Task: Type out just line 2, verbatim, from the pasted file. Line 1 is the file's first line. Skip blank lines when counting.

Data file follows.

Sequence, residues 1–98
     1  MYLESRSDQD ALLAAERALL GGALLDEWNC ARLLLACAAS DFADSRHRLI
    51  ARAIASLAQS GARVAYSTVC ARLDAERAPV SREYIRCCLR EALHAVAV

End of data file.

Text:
     1  MYLESRSDQD ALLAAERALL GGALLDEWNC ARLLLACAAS DFADSRHRLI